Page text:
The presentation was about himself, history about Singapore, and the story of the company he is in/ how he got there.It was very interesting to know how Victor Nucombe got to where he currently is and the journey he has taken to get there.
We were then taken down to the basement where they showed us their super-resolution fluoresce microscopes. Apart from being very beautiful, the images they take there are also useful scientifically.
We then travelled back to NUS, to their surface science laboratory where we were shown their equipment and the Singapore synchrotron light source (SSLS). The SSLS is very small compared to the one we have at Monash, but it is still able to produce what is needed for experiments.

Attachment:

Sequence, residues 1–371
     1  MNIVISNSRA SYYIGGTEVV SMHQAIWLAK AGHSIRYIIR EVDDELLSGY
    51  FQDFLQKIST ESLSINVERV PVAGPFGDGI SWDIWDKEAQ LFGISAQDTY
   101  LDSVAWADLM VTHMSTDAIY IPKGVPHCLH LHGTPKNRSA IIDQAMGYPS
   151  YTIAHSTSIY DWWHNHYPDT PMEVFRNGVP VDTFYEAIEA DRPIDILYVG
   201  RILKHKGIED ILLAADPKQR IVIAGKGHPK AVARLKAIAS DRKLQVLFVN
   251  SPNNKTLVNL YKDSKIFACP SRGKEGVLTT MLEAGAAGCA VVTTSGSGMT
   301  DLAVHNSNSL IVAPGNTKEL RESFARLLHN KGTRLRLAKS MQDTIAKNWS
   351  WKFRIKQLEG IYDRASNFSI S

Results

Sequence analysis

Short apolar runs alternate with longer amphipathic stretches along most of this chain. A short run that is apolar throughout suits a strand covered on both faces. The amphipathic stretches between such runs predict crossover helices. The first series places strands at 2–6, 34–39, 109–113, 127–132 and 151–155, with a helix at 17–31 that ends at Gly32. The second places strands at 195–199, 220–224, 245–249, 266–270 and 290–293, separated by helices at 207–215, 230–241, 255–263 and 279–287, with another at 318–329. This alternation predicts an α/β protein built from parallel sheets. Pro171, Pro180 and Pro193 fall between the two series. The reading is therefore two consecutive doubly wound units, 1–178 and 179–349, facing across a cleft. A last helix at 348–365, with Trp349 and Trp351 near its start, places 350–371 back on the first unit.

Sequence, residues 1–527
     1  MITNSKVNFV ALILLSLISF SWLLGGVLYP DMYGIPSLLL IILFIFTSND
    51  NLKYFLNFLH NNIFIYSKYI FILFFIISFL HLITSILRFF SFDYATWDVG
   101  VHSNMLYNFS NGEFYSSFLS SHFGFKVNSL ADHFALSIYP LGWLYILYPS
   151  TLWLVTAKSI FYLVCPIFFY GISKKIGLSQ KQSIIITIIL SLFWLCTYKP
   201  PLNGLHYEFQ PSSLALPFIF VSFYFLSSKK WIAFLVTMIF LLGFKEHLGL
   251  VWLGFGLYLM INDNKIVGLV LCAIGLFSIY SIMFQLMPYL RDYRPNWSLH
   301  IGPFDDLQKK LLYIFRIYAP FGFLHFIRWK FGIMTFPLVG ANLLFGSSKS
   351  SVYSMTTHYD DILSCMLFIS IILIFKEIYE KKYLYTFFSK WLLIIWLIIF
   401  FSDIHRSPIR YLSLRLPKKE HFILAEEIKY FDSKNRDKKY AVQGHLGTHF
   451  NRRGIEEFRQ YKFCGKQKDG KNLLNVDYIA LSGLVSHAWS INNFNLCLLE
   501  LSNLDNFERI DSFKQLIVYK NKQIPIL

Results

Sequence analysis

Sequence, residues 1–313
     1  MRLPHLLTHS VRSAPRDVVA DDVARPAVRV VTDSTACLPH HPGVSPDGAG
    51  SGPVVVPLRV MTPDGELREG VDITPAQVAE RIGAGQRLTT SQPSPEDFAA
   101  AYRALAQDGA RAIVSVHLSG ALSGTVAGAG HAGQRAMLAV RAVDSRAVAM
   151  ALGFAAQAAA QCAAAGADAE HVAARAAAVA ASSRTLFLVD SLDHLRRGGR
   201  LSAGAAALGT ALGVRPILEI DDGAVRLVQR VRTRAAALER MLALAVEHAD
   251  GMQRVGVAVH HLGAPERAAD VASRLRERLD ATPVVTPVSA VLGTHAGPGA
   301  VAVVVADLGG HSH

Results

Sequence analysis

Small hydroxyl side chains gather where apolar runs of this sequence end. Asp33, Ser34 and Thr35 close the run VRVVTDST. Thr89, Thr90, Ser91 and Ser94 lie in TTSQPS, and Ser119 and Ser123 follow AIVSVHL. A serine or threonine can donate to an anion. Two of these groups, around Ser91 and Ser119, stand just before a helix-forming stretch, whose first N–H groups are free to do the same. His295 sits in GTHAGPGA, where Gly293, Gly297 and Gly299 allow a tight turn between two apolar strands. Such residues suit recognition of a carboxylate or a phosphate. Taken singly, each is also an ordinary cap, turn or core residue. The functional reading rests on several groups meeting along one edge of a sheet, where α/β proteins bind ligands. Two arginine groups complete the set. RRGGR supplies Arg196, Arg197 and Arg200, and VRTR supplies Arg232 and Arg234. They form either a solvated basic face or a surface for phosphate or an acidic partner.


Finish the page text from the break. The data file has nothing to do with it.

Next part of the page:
After that visit we returned to IMRE where we once again had a sit down and chatted with some of the people there. From which we were then dismissed from the tour.
I then continued my own adventures.
We awoke to a wet morning from some rain in the night. I guess I slept through the thunder.
This made the whole day humid, but I think I am finally getting used to the climate here. First on the agenda was a trip to Fusionworld – Fusionopolis. Which was a part of the A*STAR institute which showcased its technologies to us in a gallery/guided tour format where we were taken on a guided tour of their facility. We started with a holographic promotional video which gave us back story to them.